This article offers perspectives from academics with recent journal editing experience on a range of ethical issues and dilemmas that regularly pose challenges for those in editorial roles. Each contributing author has provided commentary and reflection on a select topic that was identified in the research literature concerning academic publishing and journal editing. Topics discussed include the ethical responsibilities of working with international and early career contributors to develop work for publication, balancing influence and responsibility to a journal's disciplinary field (...) while maintaining the integrity of editorial and review processes, and the challenges of promoting scholarly research that pushes epistemological, methodological, and political boundaries in an increasingly competitive publishing climate. This article aims to stimulate discussion concerning the roles, responsibilities, and ethical challenges faced by journal editors, and the implications of these for ethical practices in academic publishing today. (shrink)
Chinese kindergartens’ over 110 years of adaptation of foreign models is a vivid example of how globalization comes into direct contact with Chinese culture and creates cultural hybridities. Learning Stories as a narrative assessment tool to children’s development from New Zealand, has swept China with the endorsement from the professional organizations and local authorities, especially attracting many followers in Beijing. Based on a two-year participatory action research in Beijing, the article examines Learning Stories as policy borrowing, redesigned as an innovative (...) reflection tool for professional learning community which results from processes of mutual influence between the global and the local. The article highlights the importance of culture and context in considering professional development and the ‘fluid’ and dynamic nature of ‘glocalization’ working towards integration of globalization and localization. Furthermore, borrowing or learning foreign policies in preprimary education can be... (shrink)
Extrait de R. Sue, Temps et ordre social. Sociologie des temps sociaux, Paris, PUF, 1994, p. 28-32. Nous remercions Roger Sue de nous avoir autorisé à reproduire ici ce texte. Il faut renoncer à faire une sociologie du temps en général. Renoncement difficile pour le sociologue toujours enclin à penser la société sous forme d'unité. Unité qui produirait son propre temps, un temps unique, le temps de la société. Cette illusion de l'unité est extrêmement forte lorsqu'il s'agit du temps, en (...) raison de la (...) - Sociologie – Nouvel article. (shrink)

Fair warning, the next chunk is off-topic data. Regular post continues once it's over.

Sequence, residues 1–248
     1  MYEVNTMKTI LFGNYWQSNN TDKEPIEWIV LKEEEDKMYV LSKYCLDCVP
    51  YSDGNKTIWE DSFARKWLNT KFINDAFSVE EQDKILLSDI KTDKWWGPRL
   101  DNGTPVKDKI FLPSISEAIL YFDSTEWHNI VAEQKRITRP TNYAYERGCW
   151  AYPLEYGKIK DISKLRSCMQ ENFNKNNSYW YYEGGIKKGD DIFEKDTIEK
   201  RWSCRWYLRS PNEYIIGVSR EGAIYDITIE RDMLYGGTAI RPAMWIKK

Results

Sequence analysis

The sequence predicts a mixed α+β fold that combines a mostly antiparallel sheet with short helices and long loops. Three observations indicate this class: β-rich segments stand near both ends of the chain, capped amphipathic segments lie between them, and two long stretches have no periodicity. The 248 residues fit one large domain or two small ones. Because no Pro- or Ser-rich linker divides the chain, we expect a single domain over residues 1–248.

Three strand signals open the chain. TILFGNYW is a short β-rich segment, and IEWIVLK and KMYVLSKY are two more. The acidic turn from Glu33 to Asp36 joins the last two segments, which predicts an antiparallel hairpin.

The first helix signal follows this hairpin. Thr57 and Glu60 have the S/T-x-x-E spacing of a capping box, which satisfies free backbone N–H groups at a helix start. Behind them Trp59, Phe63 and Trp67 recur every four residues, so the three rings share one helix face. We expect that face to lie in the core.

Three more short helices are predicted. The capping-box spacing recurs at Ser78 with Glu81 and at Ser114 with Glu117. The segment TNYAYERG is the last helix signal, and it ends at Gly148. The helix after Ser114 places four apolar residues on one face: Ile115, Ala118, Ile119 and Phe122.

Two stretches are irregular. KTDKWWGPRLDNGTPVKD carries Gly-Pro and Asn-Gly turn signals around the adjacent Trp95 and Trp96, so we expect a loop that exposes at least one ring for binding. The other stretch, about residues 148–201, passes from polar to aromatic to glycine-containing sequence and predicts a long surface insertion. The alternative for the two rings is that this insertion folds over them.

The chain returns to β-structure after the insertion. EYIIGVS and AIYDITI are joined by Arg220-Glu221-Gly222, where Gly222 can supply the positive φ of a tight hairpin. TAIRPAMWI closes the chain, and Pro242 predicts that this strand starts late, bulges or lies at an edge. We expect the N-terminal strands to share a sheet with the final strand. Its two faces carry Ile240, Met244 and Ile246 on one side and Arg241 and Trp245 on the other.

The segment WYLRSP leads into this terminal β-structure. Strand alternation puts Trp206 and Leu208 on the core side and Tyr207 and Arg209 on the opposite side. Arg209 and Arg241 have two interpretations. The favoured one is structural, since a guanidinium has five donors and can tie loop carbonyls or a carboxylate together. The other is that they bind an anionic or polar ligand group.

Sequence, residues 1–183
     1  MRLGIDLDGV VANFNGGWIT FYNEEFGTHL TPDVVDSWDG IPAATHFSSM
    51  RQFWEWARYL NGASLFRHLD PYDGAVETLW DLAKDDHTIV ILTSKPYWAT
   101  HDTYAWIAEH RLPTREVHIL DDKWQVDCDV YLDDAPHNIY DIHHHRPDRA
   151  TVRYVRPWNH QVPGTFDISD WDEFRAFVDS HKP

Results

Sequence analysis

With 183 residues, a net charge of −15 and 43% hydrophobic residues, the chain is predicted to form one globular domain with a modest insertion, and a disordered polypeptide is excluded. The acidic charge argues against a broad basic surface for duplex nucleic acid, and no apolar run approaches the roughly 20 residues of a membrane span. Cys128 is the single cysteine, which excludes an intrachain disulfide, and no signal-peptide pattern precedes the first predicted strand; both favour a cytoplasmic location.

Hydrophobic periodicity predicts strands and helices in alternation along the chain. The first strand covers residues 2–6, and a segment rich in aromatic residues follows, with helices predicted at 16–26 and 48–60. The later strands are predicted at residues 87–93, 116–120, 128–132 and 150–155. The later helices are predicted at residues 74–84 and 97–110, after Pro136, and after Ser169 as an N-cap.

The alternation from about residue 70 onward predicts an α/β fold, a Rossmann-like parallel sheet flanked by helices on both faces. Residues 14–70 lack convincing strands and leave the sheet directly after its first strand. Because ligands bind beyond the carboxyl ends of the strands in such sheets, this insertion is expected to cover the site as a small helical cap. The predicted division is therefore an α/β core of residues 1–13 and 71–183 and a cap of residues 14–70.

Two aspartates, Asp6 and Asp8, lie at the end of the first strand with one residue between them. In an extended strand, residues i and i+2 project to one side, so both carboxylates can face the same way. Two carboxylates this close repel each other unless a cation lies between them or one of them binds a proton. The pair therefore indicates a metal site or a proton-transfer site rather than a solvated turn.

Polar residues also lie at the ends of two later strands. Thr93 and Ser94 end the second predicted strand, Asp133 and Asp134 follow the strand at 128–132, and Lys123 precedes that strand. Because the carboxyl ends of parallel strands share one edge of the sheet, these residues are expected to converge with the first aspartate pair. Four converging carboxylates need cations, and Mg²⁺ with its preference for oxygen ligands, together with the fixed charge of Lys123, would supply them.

As resident physicians practicing Internal Medicine in hospitals within the USA, we are confronted on a daily basis with patients who wish to leave the hospital floor to smoke a cigarette. While many physicians argue that hospitals should do everything in their power to prevent patients from smoking, we argue that a more comprehensive and nuanced approach is needed. In part 1 of this perspective piece, we outline the various forms of smoking bans in hospital settings, applauding the development of (...) indoor smoking bans while questioning the move towards stricter, campus-wide smoking bans. In part 2, we turn to traditional biomedical ethics to guide our approach to the hospitalised patient who smokes. This approach, which is informed by our backgrounds in harm reduction and medical anthropology, takes into account the lived realities of patients and acknowledges the complicated sociohistorical contexts of tobacco use. (shrink)
The aim of this study was to analyze nurses' experiences of role strain when taking care of patients with severe acute respiratory syndrome (SARS). We adopted an interpretive/constructivist paradigm. Twenty-one nurses who had taken care of SARS patients were interviewed in focus groups. The data were analyzed using thematic analysis. The self-state of nurses during the SARS outbreak evolved into that of professional self as: (1) self-preservation; (2) self-mirroring; and (3) self-transcendence. The relationship between self-state and reflective practice is discussed.